Mailing List Mistakes
Marketing to a mailing list is a useful way to stay in touch with clients and generate new business. However, to use it successfully you also need to be mindful of the impression you’re creating, every time you hit the send button.
Here are some ways you may create the wrong impression and impact on your success:
Not seeking permission from everyone
There are legalities governing this area (which you should be aware of and adhere to) but here are some scenarios you may not have considered:
– you obtain a number of business cards from a networking event, which you then add to your mailing list. If you haven’t already asked, don’t naturally assume these new contacts want to be added to your mailing list (no matter how well your first meeting went). Adding new people without their permission risks losing this new contact and possibly creating a negative impression that they may share with others. Always seek permission and it will set a positive tone for the relationship (even if they don’t decide to be included on your mailing list).
– you add the emails from your Linked In contact list to your mailing list. Be careful of assuming that your Linked In contacts will also want to be on your mailing list (or that your content will be relevant to them). Linked in allows you to market to these contacts simply by posting (so you already have a way to keep them informed) however, if you do wish to add them, always seek permission or post a link to your signup page on Linked In. Adding even people that you know without their permission, risks alienating them and damaging their impression of you.
Sending everybody the same thing
Sometimes you may have information to share that is only relevant to certain people in your mailing list. In these cases target this group only (instead of emailing your whole list) otherwise it may create the impression that you don’t understand the people in your mailing list and what’s important to them.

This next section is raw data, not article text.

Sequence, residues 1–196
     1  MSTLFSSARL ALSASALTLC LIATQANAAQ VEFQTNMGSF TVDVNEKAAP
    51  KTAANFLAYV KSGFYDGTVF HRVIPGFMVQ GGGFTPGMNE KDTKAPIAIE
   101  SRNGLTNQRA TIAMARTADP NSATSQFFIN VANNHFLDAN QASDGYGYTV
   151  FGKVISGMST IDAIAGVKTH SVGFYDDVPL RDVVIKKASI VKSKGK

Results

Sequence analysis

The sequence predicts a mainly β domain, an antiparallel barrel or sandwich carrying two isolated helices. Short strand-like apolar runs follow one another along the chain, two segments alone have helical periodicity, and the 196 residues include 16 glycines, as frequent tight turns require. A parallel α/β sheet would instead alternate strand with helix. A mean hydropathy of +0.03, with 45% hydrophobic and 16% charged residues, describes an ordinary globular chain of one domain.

Sending too many emails
We all have plenty of emails landing in our inboxes every day, so limiting your emails conveys to people that you respect their time. If you do have lots to share, consider grouping items into one email (like a monthly newsletter) or using social media. Social media is a great tool to keep people informed on a more regular basis and there’s also an expectation that you do post regularly on these sites.
Not being consistent
Consistent emailing (whether it’s weekly or monthly) conveys the impression that you are reliable and establishes a constant presence with your mailing list. In contrast, emailing intermittently or bombarding people at particular times with new products or services, can look erratic or appear that you only contact them when you have something to sell. Remember that how you market to your mailing list will impact on the value of the relationships you have with your contacts (and therefore your success) so always consider carefully what you’re sending before you send it.
Not addressing the email properly
This one may seem very obvious but it’s a common area for mistakes. If your database software automatically addresses by first name (and possibly also partner’s names) make sure it’s working correctly. Spelling someone’s name incorrectly or having a blank space where a name should be, doesn’t look professional. As names are very personal it can also easily offend people if you get this wrong. Mistakes of course do occur but always check if you’re unsure and if you’re ever alerted to a mistake, correct it immediately.
Not having someone edit your content
We’re all human and once you’ve looked at your writing a couple of times, it can be easy to miss simple grammar or spelling mistakes. Avoid this by having someone you trust to proof read it (or at least leave it for a day and come back to it with fresh eyes). The accuracy of your writing will reflect what type of business you are, so make sure it’s conveying a professional image.
Effectively marketing to a mailing list will help you cement important client relationships and generate new business, so be careful of risking your success rate by accidentally creating the wrong impression. Focus instead on building strong, positive relationships by being mindful of what and when you send information and your contacts will value you for it.